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I have 2 IID random variables $X_1$ and $X_2$ with $Bern(p)$ distribution. I have another binary random variable $Y$ taking values in $\{0,1\}$.

I am interested in comparing the following 2 mutual information $I(X_1+X_2;Y)$ and $I(2X_1;Y)$. Note that $Y=0$ with probability $\frac{1}{x+5}$ when the input ($X_1+X_2$ or $2X_1$) takes the value $x$.

I have a feeling that $I(X_1+X_2;Y) \leq I(2X_1;Y)$. Can someone help me prove or disprove this?

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1 Answer 1

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Your feeling is correct.

Indeed, the difference
$$d(p):=I(X_1+X_2;Y)-I(2X_1;Y)$$ between $I(X_1+X_2;Y)$ and $I(2X_1;Y)$ depends only on $p\in[0,1]$. The expression for $d(p)$ is somewhat complicated, containing a number of logarithmic terms; see the images below of a Mathematica notebook with details of calculations.

However, $d'''(p)$ is a rational function of $p$, which is rather easy to see to be $>0$ on $(0,1)$, so that $d''$ is increasing on $[0, 1]$. Also, $d''(0)>0$, so that $d''>0$ on $[0,1]$ and hence $d$ is strictly convex on $[0, 1]$. Finally, $d(0)=d(1)=0$ and hence $d<0$ on $(0,1)$.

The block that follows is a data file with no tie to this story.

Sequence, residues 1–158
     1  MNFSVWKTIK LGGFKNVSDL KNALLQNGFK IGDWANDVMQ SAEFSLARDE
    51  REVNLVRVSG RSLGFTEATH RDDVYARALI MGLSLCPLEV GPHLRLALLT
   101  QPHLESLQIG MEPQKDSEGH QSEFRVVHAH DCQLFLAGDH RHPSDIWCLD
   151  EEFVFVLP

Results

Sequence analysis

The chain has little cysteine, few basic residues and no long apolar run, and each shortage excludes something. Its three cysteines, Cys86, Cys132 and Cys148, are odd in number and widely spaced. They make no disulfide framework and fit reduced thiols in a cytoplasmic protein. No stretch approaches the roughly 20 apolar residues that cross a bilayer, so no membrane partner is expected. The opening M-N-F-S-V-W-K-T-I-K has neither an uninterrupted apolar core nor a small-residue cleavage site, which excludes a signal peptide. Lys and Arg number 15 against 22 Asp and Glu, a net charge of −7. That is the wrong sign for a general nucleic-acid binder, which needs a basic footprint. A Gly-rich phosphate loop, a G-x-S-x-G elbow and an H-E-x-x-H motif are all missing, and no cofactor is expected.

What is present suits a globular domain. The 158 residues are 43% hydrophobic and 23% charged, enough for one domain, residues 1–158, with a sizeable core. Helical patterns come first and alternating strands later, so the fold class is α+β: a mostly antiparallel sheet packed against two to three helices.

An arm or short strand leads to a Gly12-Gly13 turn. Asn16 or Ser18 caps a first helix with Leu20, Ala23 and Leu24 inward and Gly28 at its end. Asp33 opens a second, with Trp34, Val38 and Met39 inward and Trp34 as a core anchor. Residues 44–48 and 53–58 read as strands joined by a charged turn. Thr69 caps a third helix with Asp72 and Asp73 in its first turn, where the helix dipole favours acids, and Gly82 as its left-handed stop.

That is, $I(X_1+X_2;Y)<I(2X_1;Y)$ for $p\in(0,1)$ and $I(X_1+X_2;Y)=I(2X_1;Y)$ for $p\in\{0,1\}$.


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  • $\begingroup$ Thank you for the answer. I also feel that this holds in general for any decreasing function of $x$ as well (in the place of $\frac{1}{x+5}$). I am also interested in proving or disproving this. ( I can ask this as a new question if that's better.) $\endgroup$
    – wanderer
    Mar 25, 2022 at 2:43
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    $\begingroup$ Yes, I think a new question would be better. $\endgroup$ Mar 25, 2022 at 3:40
  • $\begingroup$ Thank you sir. I posted a new question which is a more general version of this question. [link] mathoverflow.net/questions/418877/…. $\endgroup$
    – wanderer
    Mar 25, 2022 at 4:09

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